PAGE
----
I’m heading out to Cambridge tomorrow. I’ll be presenting at Harvard (at the Techfest on Monday) and at MIT (in the architecture department and the media labs) on Tuesday.
If you’re around and want to stop by, give me a ring!
Last night I threw together some poster designs for K’s upcoming conference. They’re pretty raw, but it was fun to be loose like orange juice. (B&W, 11×17)
My former teacher and mentor, Meejin Yoon, is up for tenure review. Since we can’t vote on the matter, cross your fingers or something for her!
Earlier this week she asked me for some images and scripts of old work I’d done in her studio many years ago. Sadly, I’ve had a few hard drive crashes since then, all I could dig up was a buggy script and no images.
So last night I fixed the script (hacked) and made a few new images. The script is a pretty poor implementation of an L-System generator in Rhinoscript. But I’ll post the full script to the scripting blog this evening. Maybe someone will find it useful.
This has been a Rhino week. On Wednesday, I met with David Rutten, who’s just as brilliant as you might expect from his work. He’s an architect turned programmer (ahem), but he’s one those cases where he’s actually a very very good programmer. He showed me a beta version of Grasshopper, formerly called the Explicit History Plugin, which is a visual programming language (using boxes and arrows– much like Yahoo pipes) for parametrics in Rhino. (Tim, you should check it out, it reminds me of some of the work you’ve done with a pipes like interface.)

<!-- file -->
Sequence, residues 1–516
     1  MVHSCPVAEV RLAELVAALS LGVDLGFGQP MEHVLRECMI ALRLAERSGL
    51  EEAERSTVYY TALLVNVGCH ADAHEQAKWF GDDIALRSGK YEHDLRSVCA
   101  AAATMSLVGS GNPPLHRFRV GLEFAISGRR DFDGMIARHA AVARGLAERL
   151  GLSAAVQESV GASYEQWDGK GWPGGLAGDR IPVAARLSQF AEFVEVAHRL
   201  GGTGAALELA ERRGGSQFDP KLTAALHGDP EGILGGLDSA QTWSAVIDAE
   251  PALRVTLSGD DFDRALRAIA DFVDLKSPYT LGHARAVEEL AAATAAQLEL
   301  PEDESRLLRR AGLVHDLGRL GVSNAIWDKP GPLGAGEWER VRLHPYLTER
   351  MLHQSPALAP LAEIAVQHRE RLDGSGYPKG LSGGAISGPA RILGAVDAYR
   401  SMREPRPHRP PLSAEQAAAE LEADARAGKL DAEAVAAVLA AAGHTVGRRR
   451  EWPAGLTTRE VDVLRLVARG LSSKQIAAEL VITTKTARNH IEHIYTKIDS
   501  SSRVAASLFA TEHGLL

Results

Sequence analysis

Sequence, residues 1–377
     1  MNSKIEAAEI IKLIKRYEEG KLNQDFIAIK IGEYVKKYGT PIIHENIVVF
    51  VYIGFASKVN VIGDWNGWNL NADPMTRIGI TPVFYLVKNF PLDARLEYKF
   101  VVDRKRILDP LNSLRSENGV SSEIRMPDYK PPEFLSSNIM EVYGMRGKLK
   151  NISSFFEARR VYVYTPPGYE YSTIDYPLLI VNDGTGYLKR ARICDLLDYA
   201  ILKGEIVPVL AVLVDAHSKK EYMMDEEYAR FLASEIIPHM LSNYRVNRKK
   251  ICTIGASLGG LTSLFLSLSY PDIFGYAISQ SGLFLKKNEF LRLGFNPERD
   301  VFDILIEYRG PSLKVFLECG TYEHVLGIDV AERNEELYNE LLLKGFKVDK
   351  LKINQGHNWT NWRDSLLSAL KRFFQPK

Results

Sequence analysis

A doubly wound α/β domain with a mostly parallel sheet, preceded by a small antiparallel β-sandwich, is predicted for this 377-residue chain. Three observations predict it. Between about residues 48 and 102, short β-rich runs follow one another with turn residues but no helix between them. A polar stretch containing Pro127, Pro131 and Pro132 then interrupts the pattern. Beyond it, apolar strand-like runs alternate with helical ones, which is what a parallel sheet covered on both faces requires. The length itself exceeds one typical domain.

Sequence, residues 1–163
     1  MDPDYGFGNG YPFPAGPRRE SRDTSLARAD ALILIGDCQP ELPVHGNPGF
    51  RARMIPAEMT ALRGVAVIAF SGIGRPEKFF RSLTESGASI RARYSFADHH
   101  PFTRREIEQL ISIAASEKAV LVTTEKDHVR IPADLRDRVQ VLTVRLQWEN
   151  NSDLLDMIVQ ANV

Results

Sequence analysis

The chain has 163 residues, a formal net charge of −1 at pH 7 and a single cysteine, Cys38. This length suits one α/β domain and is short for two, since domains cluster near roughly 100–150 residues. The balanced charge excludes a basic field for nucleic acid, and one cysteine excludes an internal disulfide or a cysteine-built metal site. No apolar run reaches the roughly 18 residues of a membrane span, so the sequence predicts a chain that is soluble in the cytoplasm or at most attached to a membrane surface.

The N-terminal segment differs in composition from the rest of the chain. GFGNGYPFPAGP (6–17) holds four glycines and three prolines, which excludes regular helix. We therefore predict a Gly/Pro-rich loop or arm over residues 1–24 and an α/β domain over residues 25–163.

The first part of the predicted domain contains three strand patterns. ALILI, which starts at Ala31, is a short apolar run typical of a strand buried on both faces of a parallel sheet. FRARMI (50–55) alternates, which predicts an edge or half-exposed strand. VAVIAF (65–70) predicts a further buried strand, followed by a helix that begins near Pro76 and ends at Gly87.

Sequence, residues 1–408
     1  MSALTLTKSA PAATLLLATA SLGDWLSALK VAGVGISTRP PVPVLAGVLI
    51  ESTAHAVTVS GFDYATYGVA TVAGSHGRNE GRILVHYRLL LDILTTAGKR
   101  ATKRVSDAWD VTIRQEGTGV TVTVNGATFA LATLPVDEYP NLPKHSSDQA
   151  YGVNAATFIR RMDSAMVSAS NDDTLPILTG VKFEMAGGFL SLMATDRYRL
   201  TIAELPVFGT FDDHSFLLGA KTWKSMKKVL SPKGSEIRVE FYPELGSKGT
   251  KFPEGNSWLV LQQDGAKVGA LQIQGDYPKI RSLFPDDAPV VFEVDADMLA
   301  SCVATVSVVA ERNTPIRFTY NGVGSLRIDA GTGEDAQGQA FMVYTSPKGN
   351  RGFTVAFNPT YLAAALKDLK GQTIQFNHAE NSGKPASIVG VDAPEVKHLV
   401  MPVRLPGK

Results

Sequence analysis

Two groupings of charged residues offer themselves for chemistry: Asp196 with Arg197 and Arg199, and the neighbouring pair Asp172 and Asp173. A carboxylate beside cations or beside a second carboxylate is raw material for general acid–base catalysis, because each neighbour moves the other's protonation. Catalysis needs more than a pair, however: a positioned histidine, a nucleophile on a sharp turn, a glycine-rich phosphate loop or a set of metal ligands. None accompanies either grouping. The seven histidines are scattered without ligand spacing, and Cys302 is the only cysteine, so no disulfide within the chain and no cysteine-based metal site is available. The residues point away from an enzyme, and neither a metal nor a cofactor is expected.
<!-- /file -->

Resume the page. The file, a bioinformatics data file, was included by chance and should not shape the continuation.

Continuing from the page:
My first project might be to remake these L-Systems in Grasshopper.
Anyway, here are the pretty pictures. I hope they help Meejin get what she deserves– sweet sweet tenure. (The full set of pics is here.)
In a fit of binge reading, I finished Robert Charles Wilson’s Spin in a delirious 24 hour period. It was good, much better than Rainbows End.
Anyone who enjoyed Ender’s Game would probably enjoy book too. I’m reading the sequel now (Axis) and, like Speaker for the Dead, it’s pretty enjoyable but not of the same caliber.
Spin starts with an event. One night the stars and moon “go out”. In the morning the sun rises, but it’s not the sun. It’s a flat disc that radiates the same heat and moves at the same speed, but it isn’t the sun. Earth finds itself trapped in a strange membrane that mimics the usual conditions, like a giant terrarium, with one critical difference. Inside the membrane time passes normally. Outside the membrane time is passing at an alarming fast rate, years per second. Our solar system will end in 50 years: the real sun will nova and engulf the Earth. Who did this and why? (Some of these questions will be answered by Martian Pharmaceuticals.)
This is isn’t Steinbeck, but if you like science fiction it’s a really fun read.